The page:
Iraqi cleric Sadr rejects any change in anti-US stance

Iraqi cleric Muqtada al-Sadr, whose coalition won the largest number of seats in Iraq’s parliamentary elections, has reiterated his anti-US policy, saying there has been no change to the position.

Sadr was asked on Saturday about Washington’s indirect contact with his Sairoon (Marching Towards Reform) bloc through some of the alliance’s members about the formation of a new Iraqi government.

The cleric responded that he had already addressed the issue in one of his tweets.

“We are a nation whose principles and positions have not changed and will not change,” Sadr’s official website quoted him as saying.

Iraq’s parliamentary elections were held on May 12.

Sadr’s Sairoon bloc won 54 out of 329 seats in the Iraqi parliament. The Fatah (Conquest) alliance, led by secretary general of Badr Organization Hadi al-Ameri, and incumbent Prime Minister Haider al-Abadi’s Nasr (Victory) coalition finished second and third with 47 and 42 seats, respectively.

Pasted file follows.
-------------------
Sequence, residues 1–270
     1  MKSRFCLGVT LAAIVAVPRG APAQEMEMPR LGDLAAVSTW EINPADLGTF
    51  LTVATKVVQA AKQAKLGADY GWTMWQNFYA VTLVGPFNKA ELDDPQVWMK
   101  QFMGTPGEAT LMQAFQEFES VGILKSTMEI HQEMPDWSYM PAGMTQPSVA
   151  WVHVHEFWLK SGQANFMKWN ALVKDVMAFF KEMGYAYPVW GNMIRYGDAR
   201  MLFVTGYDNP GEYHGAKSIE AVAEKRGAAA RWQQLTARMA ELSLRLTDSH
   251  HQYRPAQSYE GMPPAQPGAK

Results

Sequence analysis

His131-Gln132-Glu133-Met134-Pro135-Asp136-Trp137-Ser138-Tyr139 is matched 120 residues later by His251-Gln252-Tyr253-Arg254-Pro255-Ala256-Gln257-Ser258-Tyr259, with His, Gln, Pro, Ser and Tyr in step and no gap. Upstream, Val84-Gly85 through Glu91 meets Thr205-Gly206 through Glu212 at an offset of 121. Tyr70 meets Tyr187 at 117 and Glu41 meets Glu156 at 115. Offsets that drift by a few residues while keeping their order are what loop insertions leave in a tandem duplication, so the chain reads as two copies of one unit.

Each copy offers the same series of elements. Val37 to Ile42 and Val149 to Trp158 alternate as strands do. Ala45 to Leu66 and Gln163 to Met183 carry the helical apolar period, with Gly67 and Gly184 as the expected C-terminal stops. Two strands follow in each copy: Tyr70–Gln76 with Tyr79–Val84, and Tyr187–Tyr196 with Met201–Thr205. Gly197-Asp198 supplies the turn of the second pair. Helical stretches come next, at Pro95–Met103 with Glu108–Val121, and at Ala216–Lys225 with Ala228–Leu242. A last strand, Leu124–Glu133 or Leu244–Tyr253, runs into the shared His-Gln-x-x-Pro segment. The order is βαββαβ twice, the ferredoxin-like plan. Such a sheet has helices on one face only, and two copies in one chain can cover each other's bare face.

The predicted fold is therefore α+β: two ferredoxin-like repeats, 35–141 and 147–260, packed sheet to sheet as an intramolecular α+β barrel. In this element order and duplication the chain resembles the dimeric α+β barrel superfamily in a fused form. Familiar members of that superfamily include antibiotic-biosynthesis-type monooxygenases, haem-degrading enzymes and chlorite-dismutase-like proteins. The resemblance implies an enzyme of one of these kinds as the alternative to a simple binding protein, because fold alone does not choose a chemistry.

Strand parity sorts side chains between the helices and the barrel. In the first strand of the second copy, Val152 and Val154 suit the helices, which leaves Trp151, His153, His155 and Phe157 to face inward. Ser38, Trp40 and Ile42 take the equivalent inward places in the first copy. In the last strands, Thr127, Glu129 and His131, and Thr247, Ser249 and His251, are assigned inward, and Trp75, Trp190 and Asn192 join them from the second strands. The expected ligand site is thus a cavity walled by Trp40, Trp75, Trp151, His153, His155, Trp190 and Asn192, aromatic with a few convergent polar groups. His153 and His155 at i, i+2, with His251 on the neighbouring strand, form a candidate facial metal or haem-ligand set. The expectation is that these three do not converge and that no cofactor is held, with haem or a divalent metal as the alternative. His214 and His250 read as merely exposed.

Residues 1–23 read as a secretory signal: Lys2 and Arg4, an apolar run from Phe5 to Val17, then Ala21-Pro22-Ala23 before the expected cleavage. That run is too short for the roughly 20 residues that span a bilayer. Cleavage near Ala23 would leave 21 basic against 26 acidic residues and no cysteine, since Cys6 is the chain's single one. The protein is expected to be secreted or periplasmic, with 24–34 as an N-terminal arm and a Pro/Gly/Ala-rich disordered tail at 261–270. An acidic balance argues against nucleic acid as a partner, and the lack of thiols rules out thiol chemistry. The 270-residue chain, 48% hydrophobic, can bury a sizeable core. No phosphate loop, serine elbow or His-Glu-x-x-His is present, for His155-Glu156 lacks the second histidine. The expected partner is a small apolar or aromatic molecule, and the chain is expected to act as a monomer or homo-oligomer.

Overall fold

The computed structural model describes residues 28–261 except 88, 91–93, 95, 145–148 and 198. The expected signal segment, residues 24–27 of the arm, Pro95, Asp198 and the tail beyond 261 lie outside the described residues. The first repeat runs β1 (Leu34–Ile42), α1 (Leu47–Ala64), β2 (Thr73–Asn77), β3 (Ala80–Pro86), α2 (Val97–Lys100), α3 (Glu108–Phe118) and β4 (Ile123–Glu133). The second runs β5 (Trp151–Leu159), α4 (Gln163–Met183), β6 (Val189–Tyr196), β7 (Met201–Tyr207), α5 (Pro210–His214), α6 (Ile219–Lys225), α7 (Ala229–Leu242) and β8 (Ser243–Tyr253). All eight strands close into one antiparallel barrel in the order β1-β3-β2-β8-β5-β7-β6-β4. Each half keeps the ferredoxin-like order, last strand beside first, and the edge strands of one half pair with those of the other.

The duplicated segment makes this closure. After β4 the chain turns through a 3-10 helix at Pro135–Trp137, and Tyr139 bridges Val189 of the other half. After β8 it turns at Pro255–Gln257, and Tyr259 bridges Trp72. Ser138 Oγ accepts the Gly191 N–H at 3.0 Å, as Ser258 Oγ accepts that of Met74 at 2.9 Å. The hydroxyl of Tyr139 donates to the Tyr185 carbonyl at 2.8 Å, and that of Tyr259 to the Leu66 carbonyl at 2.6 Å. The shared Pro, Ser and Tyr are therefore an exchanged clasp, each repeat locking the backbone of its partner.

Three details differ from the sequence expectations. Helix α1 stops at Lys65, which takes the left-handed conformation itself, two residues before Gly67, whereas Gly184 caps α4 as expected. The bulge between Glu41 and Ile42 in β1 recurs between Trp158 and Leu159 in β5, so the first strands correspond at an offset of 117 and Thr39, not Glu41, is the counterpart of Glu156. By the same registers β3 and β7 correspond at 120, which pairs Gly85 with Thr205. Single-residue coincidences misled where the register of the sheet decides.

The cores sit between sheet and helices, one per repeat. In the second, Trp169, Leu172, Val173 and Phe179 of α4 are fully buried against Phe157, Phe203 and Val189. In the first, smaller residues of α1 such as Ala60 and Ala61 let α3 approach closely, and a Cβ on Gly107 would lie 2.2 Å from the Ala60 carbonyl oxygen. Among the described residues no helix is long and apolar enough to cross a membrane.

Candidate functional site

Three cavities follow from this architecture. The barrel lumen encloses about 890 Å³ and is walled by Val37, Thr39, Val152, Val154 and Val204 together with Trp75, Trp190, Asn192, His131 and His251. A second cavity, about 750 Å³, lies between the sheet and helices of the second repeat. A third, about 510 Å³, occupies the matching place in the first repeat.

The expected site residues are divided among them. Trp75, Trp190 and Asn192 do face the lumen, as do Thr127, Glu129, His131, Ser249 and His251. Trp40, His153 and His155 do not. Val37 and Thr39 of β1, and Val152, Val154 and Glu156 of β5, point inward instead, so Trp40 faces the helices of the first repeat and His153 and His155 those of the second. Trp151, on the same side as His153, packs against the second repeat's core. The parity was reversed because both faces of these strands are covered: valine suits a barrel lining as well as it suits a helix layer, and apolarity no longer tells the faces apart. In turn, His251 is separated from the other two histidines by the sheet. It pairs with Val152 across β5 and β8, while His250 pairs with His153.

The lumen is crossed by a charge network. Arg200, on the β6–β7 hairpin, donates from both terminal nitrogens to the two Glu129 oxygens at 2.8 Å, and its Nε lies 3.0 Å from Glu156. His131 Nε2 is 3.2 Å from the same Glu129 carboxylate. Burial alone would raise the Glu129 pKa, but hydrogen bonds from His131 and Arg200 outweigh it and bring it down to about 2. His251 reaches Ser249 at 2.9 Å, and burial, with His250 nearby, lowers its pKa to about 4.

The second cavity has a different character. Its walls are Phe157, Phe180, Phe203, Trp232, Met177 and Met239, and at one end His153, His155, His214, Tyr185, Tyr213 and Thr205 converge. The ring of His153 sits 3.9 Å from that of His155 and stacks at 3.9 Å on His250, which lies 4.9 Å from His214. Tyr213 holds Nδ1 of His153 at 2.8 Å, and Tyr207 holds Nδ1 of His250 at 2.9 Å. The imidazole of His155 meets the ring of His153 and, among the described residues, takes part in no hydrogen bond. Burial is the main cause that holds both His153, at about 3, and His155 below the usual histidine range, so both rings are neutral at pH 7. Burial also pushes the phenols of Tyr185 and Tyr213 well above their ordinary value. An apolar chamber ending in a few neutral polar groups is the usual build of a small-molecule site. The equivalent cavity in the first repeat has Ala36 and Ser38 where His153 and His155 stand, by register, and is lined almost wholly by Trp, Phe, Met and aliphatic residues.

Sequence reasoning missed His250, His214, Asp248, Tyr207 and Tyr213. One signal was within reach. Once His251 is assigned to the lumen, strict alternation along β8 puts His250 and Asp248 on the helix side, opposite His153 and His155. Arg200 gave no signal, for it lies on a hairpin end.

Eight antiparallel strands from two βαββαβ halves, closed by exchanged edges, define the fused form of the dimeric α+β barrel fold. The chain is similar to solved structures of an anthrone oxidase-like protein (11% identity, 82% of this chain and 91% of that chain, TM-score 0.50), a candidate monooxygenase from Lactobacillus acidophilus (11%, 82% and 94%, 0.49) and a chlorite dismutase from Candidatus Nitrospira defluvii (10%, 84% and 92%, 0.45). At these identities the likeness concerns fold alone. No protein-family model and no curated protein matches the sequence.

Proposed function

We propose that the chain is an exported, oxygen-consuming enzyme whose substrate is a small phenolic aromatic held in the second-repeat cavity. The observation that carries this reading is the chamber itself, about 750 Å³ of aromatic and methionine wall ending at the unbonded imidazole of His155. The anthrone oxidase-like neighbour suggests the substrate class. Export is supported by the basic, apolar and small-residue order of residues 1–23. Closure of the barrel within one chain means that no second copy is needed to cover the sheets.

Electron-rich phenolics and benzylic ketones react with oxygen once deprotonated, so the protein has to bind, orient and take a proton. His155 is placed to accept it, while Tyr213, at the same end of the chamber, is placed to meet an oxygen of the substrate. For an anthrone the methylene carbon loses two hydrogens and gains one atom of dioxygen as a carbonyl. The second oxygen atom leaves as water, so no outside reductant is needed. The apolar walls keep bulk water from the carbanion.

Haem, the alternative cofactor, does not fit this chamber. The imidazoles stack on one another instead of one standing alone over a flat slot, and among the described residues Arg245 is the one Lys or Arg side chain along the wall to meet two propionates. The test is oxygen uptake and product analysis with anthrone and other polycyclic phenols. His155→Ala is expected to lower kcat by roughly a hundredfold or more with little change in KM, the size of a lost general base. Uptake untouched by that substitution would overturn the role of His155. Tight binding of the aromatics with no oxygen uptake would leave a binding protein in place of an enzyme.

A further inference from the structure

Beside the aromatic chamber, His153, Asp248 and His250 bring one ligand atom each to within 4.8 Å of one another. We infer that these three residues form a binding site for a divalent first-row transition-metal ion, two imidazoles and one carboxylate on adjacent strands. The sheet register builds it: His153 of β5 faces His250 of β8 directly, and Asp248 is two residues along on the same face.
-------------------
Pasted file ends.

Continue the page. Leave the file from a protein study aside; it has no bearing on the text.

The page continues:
Negotiations are underway between Iraqi parties to form the new government.

Erdogan, Sadr speak on phone

Late Friday, Turkish President Recep Tayyip Erdogan congratulated Sadr on his election victory.

During a telephone conversation, Erdogan wished Sadr well on forming the new government and highlighted Ankara’s support for Iraq’s unity, according to Turkish presidential sources.

Erdogan also demanded an investigation into suspected voting irregularities in Turkmen areas of Iraq’s Kirkuk province.

Iraq probes voting irregularities

Separately on Friday, Abadi ordered the creation of a high-powered commission to look into the alleged irregularities in the parliamentary elections.

An official statement said a recent cabinet meeting chaired by the premier had named the Iraqi anti-graft chief as the head of the commission.

The statement further suggested that hackers may have manipulated the election results.

There have been complaints about irregularities at some polling stations linked to a new electronic voting system in Iraq.

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